Show Up:  Anthony Sonnenberg

Show Up: Anthony Sonnenberg

Anthony Sonnenberg, Pair of Candelabras
10″w x 10″d x 16″t
Porcelain over stoneware, found ceramic tchotchkes, glaze 2016

Anthony Sonnenberg, APOLLO (SELF-PORTRAIT PILLOW) found fabric, semi-precious stones, crystal beads, fringe, batting 68 x 56 x 2 inches.
Anthony Sonnenberg, APOLLO (SELF-PORTRAIT PILLOW) found fabric, semi-precious stones, crystal beads, fringe, batting 68 x 56 x 2 inches.

Anthony Sonnenberg is draped in black and gold fabrics, busily applying a shimmering upholstery fringe to his garment. The faintly sweet smell of hot glue clings to the air.  A work table strewn with tools and glittering detritus is the central hub around which his tapestried nude self-portraits and gloppily gorgeous ceramic sculptures reside. The sumptuous and playful energy that infuses these works is immediately evident in the cheerful chaos of his studio. Sonnenberg is deep into preparations for three upcoming shows: a solo show at Houston’s Art Palace (which he plans to transform from austere white cube to dimly lit Euro-classical gallery space from April 8 -May 14), Conduit Gallery’s booth at the Dallas Art Fair (April 14-17), and a performance/installation at Lawndale (May 6- June 11), all within a two-month period. And for his upcoming shows at least, the artist is using “established formulas and [taking] them to a new level.” He describes his current, feverish production mode as a process of “throwing it against the wall to see what sticks.”

Sonnenberg’s formula, established by his graduate work at the University of Washington, has been to explore the “line from enough to never enough.” His works are a heady blend of high and low, combining Rococo or Baroque sensibilities with craft techniques and thrift-store-harvested materials. “I put the sensual first,” Sonnenberg asserts. This tendency towards maximalism is especially evident in the ceramic works.  He really piles it on.  Found tchotchkes and clay feel fresh when coated with a unifying glaze. His most labor intensive is a gooey-looking chandelier. When asked if he’s ever gone too far (aesthetically) in a work, a faint smile plays on his face as he considers. “I don’t think so.”

Anthony Sonnenberg, Crown for King Midas, detail.
Anthony Sonnenberg, Crown for King Midas, detail.

And yet there is such a thing as going too far in terms of subject matter. For work that is so visceral and lusty in terms of surface, Sonnenberg stops short of blatant themes of sexuality. “As a gay man, I’ve been told I should put some of that into my work.”  Instead, he alludes to extremes such as terror, lust, and greed. “I grew up in a small town. In a small town, there is the surface conversation, and all of this other stuff boiling under the surface.” It’s this quality of reservation, even sweetness that makes the work so compelling. The line between artistic interest and life is poignantly real for Sonnenberg, who was diagnosed with diabetes this winter, a disease that has caused him to think about his dietary excesses more carefully. A tapestry on the wall depicts the nude artist-as-Dionysus, but his form, down to each tiny hair, is drawn with sparkling craft beads. The gravitational effects of bodily weight are echoed in the scalloped pattern of the fabric. As rigorously academic as the genesis of these works might be, there is a familiarity to their components, an insistence on handcraftedness that keeps the works personal. “I love the idea of the one of a kind,” he says in reference to a newly soldered crown prickling with crimped metal flowers and leaves.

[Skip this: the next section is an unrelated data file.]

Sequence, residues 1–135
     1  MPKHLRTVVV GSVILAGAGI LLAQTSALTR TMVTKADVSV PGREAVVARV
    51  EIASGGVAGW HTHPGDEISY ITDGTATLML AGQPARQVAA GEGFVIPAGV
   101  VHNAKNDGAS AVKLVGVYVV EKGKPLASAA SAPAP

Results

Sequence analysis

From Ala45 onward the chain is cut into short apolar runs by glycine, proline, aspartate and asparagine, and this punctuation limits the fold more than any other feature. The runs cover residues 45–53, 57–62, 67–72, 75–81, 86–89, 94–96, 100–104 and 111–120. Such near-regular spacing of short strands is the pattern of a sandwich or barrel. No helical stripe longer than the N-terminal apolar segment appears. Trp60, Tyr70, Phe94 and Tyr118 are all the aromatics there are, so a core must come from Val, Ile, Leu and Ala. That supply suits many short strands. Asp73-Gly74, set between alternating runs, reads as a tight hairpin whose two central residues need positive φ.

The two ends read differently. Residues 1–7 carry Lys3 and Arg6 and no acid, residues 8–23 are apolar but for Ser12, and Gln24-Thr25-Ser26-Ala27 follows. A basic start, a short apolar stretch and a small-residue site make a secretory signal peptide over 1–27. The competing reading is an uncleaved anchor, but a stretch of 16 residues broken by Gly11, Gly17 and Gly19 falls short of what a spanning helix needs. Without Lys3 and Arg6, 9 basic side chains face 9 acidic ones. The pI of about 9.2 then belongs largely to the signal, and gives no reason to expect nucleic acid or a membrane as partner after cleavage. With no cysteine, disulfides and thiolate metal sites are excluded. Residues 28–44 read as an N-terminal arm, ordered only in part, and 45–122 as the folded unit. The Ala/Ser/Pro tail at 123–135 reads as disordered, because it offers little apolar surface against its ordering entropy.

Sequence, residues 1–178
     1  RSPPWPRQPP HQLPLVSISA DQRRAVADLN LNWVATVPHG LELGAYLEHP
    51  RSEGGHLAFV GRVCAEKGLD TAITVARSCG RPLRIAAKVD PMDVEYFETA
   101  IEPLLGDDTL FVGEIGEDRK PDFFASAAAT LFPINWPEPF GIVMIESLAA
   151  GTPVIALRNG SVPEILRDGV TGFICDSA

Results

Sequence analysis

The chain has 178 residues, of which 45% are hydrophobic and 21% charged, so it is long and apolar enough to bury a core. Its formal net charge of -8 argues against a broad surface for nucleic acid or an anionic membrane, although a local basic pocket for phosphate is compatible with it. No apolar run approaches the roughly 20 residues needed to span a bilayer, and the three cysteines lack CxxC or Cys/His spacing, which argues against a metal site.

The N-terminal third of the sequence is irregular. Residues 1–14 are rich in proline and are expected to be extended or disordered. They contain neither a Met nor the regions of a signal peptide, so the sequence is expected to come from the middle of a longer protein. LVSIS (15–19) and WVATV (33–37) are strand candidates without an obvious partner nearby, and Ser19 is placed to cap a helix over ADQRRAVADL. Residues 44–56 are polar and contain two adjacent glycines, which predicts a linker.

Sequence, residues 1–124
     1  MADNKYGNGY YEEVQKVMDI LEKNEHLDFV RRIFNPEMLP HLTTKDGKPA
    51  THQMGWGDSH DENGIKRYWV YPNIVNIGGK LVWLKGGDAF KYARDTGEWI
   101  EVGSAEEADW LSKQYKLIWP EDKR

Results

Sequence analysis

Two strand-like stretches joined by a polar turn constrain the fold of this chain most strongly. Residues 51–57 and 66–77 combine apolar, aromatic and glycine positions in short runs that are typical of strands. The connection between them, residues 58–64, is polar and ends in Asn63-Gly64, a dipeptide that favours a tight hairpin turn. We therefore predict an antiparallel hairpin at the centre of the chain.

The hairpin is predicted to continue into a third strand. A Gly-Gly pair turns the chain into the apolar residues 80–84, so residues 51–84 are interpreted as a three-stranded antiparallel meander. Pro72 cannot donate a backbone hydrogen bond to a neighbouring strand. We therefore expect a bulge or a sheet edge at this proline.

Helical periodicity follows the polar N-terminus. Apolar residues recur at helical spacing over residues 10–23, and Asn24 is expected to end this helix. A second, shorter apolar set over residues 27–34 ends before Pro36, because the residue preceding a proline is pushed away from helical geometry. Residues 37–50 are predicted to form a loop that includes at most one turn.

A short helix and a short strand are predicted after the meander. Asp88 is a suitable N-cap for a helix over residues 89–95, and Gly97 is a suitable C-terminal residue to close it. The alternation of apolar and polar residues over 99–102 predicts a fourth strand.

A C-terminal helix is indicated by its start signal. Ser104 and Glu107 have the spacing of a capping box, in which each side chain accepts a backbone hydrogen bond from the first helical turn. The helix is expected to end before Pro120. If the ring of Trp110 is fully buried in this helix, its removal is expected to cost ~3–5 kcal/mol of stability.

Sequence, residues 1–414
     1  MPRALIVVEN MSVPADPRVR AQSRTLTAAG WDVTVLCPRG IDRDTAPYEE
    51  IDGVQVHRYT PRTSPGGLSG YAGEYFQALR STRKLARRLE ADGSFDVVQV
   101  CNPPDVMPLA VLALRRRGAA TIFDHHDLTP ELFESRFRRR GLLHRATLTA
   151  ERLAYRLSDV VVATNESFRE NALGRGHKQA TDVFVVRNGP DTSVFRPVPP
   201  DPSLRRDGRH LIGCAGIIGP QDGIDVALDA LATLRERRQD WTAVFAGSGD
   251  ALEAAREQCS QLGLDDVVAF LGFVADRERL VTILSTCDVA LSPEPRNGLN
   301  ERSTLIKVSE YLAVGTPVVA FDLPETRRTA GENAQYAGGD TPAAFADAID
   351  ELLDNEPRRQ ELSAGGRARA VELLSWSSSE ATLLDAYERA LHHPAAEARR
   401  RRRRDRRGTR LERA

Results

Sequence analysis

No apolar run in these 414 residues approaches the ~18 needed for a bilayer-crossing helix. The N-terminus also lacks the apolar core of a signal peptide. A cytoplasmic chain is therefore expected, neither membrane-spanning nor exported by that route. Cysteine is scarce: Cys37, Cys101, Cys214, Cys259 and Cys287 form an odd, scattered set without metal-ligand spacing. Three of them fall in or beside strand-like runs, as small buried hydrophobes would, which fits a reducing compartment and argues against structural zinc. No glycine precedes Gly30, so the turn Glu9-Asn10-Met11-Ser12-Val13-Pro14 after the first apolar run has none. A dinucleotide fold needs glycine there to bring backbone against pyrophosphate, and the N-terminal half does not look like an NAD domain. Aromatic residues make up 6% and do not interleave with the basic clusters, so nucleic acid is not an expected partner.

Some might see this emphasis on decoration and beauty as a mask, a way of avoiding truth, but Sonnenberg has no illusions about the movements from which he draws aesthetic inspiration. Stilted, heavily stylized historical cultures such as the rococo or the antebellum south were as much about horrifically flawed social hierarchies as gorgeous excess. Sonnenberg is interested in “loving the beauty but waiting for the other shoe to drop.” That’s why a slight asymmetry, whether in the physical object or its conceptual components, is the ever-present driving force in these largely varied works. A studio-mate gave him some important advice: “You can’t edit and make at the same time.” He can wax poetic on Nietzsche’s Birth of Tragedy and the Apollonian and Dionysian angles in his self-portraiture, but as all good artists should, Sonnenberg realizes that “trying to be smart and have all the answers,” isn’t the way to churn out good art. For this artist, who turns thirty years old amid the tumult of his spring exhibition schedule, it’s a process of relaxing into the marrow-deep, earned intelligences of artistic instinct and taste.